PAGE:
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[Thanks to the Colorado Daily for permission to reprint this Opinion piece from their February 11, 1999 issue]

Burden of proof rests on FBI

Daily Opinion

Should we believe the FBI?

In the aftermath of the Oct. 18 fires at Vail, that has become the question.

The fires, which appear to be arson and which destroyed three resort buildings and several ski lifts, have spawned an aggressive investigation of environmental groups and their members. The investigation began after a group calling itself the Earth Liberation Front took credit for the blazes, which an e-mail claimed had been set "on behalf of the lynx."

Ancient Forest Rescue, a non-violent environmental organization which has long objected to Vail's expansion into the Two Elks wilderness because of its likely impact on the rare lynx, has borne the brunt of the investigation.

At the time of the fires, members of AFR were camped near Vail, training for an upcoming action in protest of the resort giant's logging operations. The Colorado Daily had been in contact with AFR members in the days prior to the fires. We knew their plans but were sitting on the story in an effort not to tip off Vail.

But on Oct. 18, AFR's plans went up in smoke and weeks of training suddenly became cause for public suspicion.

Since then one CU student, a former student, and someone from out of state have been issued subpoenas to testify before a federal grand jury that was seated ostensibly to investigate the fires.

In addition, numerous environmentalists, including a CU professor and AFR members in Boulder and across the country, have been questioned by federal agents.

While the FBI claims it is only trying to "elicit information about who set these fire," those who've been questioned suggest the feds have a different, more sinister motive -- to undermine and infiltrate the environmental movement.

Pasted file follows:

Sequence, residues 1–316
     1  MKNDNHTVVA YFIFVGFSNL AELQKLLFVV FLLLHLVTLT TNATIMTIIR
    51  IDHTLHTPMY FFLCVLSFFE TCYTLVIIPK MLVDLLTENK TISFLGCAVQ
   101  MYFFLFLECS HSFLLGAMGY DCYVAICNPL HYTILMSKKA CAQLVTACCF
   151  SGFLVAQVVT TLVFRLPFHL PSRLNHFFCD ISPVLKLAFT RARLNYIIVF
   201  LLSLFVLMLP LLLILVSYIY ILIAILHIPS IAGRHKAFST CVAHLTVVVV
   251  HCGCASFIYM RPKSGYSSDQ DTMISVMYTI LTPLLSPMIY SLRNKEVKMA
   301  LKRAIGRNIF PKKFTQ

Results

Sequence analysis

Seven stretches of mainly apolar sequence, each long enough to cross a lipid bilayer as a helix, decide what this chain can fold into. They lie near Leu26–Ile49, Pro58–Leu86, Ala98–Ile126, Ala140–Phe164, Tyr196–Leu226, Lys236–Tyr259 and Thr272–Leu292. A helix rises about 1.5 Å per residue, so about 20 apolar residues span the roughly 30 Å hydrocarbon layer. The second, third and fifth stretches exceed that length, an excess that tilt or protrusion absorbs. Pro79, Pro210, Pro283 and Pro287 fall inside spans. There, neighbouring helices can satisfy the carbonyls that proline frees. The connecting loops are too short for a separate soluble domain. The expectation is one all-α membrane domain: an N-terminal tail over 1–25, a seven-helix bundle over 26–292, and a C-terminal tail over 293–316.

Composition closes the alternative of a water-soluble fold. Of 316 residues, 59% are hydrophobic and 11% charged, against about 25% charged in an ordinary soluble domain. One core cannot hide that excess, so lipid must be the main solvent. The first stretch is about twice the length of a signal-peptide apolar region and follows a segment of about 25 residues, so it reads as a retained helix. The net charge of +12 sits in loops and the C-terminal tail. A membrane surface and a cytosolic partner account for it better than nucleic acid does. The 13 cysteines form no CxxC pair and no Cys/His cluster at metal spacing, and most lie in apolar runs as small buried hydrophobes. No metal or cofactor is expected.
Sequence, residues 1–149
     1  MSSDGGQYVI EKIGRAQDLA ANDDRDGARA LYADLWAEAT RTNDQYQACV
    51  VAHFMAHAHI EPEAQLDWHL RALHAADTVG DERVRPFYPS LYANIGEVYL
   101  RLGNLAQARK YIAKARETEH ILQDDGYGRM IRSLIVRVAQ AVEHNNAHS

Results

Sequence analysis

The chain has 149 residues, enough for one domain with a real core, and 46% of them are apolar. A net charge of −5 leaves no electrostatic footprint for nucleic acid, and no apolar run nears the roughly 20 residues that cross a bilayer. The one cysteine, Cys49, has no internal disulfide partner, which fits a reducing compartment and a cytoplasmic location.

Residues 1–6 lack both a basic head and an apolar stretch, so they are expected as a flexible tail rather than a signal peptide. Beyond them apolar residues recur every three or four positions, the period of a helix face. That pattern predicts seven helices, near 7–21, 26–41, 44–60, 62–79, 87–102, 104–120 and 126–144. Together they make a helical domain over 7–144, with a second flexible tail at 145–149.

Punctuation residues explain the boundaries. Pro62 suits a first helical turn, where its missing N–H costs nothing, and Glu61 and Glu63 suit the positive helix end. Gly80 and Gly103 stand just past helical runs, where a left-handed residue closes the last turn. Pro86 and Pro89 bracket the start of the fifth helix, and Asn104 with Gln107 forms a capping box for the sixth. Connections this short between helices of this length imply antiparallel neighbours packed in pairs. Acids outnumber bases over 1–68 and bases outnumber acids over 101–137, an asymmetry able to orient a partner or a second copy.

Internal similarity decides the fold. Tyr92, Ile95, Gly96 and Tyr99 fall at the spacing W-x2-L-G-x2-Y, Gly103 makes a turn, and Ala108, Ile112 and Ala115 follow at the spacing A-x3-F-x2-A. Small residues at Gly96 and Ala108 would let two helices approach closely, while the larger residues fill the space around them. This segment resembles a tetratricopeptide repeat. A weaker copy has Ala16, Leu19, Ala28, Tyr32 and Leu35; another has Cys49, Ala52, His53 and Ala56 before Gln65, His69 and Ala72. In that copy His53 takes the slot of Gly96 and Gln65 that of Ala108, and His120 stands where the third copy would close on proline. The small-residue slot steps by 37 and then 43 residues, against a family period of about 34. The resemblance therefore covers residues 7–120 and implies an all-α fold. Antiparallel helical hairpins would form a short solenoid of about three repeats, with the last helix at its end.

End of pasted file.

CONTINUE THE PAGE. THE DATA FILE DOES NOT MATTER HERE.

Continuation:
The grand jury, they say, is just a way for the government to gather information about the environmental movement without being held accountable. According to federal law, grand jury proceedings remain secret.

Some even wonder whether the FBI itself might be behind the fires, either with or without Vail Resorts Inc.'s knowledge and cooperation.

Despite statements to the contrary made by an FBI spokesman, AFR members have good reason to be suspicious. At least one AFR member claims that she was asked to disclose her political affiliations and give other personal information that had nothing to do with the Vail fires.

And someone who should know -- a 26-year veteran of the FBI who has turned whistle-blower -- has publicly stated that the investigation is nothing less than a counter-intelligence operation.

But the FBI's greatest roadblock to credibility is its own history. The Bureau has repeatedly employed secrecy and extra-legal intelligence-gathering to infiltrate, intimidate and incapacitate progressive activist groups, including the labor movement, the Black Panthers and the American Indian Movement.

Given this dirty history, it is the FBI that should be answering the questions. The burden of proof rests on them.


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